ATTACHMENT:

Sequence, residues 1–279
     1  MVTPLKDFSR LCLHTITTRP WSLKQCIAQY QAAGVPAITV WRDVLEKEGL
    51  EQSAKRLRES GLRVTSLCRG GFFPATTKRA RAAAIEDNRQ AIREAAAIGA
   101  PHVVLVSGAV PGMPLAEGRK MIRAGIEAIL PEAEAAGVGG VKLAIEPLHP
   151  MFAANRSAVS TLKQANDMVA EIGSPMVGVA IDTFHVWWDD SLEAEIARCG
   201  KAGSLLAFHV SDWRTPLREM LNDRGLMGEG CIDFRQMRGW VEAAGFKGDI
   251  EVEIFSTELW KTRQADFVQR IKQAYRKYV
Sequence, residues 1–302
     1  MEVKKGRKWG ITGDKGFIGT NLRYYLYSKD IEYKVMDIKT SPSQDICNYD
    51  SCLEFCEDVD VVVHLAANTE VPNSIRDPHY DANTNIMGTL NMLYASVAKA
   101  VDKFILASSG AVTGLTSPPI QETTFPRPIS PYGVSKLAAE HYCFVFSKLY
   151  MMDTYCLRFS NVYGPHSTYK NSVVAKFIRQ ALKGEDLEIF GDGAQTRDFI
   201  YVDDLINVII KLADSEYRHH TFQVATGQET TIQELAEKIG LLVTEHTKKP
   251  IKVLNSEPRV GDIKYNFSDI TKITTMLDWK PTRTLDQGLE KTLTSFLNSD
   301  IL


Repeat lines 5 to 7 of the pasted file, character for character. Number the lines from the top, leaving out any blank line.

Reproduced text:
   151  MFAANRSAVS TLKQANDMVA EIGSPMVGVA IDTFHVWWDD SLEAEIARCG
   201  KAGSLLAFHV SDWRTPLREM LNDRGLMGEG CIDFRQMRGW VEAAGFKGDI
   251  EVEIFSTELW KTRQADFVQR IKQAYRKYV